the newsletter of tbd consultants - Spring/Summer 2023

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In this Edition

Constructing Climate Solutions
Quantum Construction
What’s Happening?

Construction Management Specialists

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Los Angeles, CA
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Constructing Climate Solutions

We are already noticing disruptions in weather patterns resulting from changes in the climate and, according to the best well-tested models, this is only a small taste of what is likely to come. Here in California, we have suffered years of drought, then the rain tried playing catchup by dumping everything on us in one go, leading to landslides and some reservoirs overflowing, but the bulk of the water flowed directly out to sea before it had time to fill the depleted underground aquifers. Consequently, we got drenched but much of the state is still in a drought condition. What can the construction industry do in the face of climate change, with the changing effects affecting different regions to varying extents?

With California’s drought situation, plans are belatedly underway to implement measures to divert rainwater runoff to top up the aquifers, but generally the effects of climate change on the construction industry are seen as going in two directions. Firstly, there is the issue of designing sustainable buildings and ensuring that the construction work itself is not contributing more than necessary to the greenhouse gasses in the atmosphere. Secondly, we have the impact that climate change is having on the way that construction work is carried out and the issue of how much that is going to cost.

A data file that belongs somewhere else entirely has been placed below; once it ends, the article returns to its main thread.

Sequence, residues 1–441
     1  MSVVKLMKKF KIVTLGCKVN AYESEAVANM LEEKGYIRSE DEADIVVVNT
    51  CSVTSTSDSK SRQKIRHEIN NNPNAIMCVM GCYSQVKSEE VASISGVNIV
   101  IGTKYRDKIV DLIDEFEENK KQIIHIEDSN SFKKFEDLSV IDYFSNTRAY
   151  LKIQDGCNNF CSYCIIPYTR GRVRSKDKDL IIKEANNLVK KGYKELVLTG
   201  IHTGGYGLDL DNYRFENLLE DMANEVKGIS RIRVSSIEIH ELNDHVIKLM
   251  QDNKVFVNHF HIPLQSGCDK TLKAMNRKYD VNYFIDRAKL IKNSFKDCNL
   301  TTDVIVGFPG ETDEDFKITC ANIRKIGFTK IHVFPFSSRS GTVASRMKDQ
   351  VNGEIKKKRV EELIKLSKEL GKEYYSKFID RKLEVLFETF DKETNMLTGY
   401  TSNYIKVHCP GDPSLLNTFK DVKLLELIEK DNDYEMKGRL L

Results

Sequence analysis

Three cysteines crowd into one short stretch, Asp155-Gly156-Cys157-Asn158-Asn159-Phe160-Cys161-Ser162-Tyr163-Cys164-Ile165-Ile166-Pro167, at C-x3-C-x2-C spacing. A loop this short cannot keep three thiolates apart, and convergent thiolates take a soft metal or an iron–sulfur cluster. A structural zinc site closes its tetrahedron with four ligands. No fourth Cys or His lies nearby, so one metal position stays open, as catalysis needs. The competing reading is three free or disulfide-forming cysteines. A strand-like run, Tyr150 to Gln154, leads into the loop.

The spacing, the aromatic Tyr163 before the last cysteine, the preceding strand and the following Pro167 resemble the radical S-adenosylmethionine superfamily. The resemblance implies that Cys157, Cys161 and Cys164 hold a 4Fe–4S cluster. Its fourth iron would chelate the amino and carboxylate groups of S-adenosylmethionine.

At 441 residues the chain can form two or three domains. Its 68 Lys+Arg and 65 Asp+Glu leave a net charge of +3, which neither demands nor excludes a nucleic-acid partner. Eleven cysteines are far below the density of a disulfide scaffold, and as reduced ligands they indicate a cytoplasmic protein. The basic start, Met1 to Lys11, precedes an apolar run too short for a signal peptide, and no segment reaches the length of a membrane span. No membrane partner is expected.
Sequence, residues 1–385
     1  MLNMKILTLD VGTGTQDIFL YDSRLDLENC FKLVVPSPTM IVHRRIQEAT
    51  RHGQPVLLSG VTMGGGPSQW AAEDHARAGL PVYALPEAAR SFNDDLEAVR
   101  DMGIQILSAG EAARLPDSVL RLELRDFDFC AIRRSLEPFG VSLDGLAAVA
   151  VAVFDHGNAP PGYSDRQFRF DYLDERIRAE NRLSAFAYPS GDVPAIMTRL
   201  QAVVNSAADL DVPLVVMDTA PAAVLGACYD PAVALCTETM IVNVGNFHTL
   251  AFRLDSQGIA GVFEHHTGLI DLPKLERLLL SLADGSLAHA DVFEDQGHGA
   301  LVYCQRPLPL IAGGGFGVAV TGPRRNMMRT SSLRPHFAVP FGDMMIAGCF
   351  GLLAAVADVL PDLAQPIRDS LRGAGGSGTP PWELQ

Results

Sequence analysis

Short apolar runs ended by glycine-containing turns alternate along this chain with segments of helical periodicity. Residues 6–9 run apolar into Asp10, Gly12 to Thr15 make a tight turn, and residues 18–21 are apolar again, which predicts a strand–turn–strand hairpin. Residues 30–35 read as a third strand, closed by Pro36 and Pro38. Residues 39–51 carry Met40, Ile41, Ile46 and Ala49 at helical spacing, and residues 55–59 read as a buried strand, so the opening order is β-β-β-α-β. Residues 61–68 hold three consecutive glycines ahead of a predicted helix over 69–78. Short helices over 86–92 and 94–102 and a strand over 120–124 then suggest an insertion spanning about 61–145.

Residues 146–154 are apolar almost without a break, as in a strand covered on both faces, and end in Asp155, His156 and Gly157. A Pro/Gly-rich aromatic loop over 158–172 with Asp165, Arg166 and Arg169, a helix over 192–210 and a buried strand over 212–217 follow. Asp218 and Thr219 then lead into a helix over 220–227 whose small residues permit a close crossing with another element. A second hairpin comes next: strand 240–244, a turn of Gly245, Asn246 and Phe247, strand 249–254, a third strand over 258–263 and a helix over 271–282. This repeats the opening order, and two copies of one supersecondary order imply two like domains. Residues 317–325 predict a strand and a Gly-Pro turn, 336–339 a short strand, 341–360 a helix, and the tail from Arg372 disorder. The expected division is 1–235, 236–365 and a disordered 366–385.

In our Spring/Summer 2021 newsletter (available from our website) we discussed many of the issues related to reducing the carbon footprint of construction. That included looking at steel and concrete, two very important building materials, both of which contribute significantly to greenhouse gasses. Ways of reducing that impact are available, but more innovation in this field is still desperately needed. Recycling of materials is already a common practice, but more should be possible, and even more useful regarding the climate is the repurposing of existing buildings rather than replacing them.

And it’s not just the construction of a building that has to be considered, but also its effects on the climate caused by its use throughout its lifetime and its ultimate demolition. Consequently, life cycle analysis is needed to fully assess the design against its environmental impact. Life cycle cost analysis can also be used to show building owners how a bit more investment upfront can lead to a lot more savings during the life of the building.

Again, here in California, and particularly in the San Francisco Bay Area, last year showed another aspect of the climate change/ construction industry connection. Air conditioning of houses in the Bay Area has been seen as an optional extra because being close to the Bay and the ocean has kept air temperatures nicely moderated. But the heatwaves last year led to strong sales of fans and portable air conditioners, and more permanent AC systems are starting to be retrofitted into houses and other buildings, adding load to an already hard-worked grid. Other areas of the nation have experienced far worse effects from adverse weather. There has been flooding from sea-level rise and more intense storms, along with extremes of hot and cold. Building codes and practices will have to take all of these changes into account.